(JNS.org) A small
Massachusetts town has become a growing refuge for Egyptian Christians fleeing
persecution in their homeland.
Milford, located approximately 40 miles from Boston, has
been drawing increasing numbers of Christians from Egypt, bolstering an existing
community of Egyptians who settled in the area in the 1980s and founded St.
Mark’s Church in nearby Natick, Mass.
“Milford is one of the most famous
cities that has a lot of Egyptians,” Maged Saad told the Boston Globe. “It is just by luck. We have no experience in USA,
but we just asked one friend. He is here also.”
As a result, a new church service began in January called
the El-Horya (Freedom) Meeting, a satellite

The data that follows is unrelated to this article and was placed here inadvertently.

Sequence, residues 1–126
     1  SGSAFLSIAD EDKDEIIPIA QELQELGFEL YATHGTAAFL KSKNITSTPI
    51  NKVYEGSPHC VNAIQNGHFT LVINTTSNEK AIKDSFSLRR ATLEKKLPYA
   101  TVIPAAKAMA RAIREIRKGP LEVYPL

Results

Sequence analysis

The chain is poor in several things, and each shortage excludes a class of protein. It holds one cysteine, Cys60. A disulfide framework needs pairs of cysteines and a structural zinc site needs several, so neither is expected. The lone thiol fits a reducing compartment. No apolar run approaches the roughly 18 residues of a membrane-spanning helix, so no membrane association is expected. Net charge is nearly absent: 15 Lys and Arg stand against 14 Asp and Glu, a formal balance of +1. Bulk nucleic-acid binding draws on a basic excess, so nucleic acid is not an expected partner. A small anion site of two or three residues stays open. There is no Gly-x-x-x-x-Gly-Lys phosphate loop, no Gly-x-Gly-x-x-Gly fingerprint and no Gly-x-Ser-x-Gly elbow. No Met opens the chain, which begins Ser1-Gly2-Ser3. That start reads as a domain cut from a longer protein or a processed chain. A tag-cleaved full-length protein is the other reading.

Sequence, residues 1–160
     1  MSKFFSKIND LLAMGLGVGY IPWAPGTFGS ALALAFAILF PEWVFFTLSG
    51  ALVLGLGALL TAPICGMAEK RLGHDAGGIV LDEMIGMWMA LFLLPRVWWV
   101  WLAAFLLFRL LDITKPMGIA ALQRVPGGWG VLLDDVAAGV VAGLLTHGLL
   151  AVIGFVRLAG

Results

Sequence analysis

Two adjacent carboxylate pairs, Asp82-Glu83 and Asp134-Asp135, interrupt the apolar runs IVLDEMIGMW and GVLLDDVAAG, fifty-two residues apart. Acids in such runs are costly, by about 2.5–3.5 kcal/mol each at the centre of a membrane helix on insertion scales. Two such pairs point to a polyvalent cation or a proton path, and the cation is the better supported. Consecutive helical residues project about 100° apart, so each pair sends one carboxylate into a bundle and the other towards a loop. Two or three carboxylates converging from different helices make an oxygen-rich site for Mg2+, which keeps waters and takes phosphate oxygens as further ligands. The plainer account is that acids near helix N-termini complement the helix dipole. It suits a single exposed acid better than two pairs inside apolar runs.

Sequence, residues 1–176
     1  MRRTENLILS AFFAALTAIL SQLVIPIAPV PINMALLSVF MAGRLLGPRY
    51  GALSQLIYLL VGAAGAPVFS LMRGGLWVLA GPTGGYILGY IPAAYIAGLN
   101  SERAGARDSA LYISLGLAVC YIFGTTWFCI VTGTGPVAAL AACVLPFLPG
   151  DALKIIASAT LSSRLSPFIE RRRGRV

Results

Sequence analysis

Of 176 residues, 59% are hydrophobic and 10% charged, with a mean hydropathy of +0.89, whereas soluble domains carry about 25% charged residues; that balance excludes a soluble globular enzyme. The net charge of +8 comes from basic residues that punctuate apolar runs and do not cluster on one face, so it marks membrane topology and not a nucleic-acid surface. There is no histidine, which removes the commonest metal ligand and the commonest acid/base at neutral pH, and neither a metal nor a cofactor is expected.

service of the Arabic Evangelical Baptist Church of West Roxbury in Boston,
which attracted 40-50 local Egyptians.
“Every few weeks we see a new family
coming over,” Michael Habib, 32, one of the three men organizing the services, told
the Boston Globe. “That’s why we
built a good community in Milford.”
Since the 2011 “Arab Spring” revolution
that overthrew long-time secular Egyptian President Hosni Mubarak, Christians
in Egypt have come under increasing attacks from Islamic extremists. The new
Muslim Brotherhood-led Islamist government has done little to curb the violence
amid social and economic decay.
While there are no exact numbers on how
many Christians have fled Egypt in recent years, a January 2013 report on
Coptic Christians in the U.S. by National
Public Radio cited research estimating that 100,000 Coptic Christians have
immigrated to the U.S. since the revolution, joining an existing community of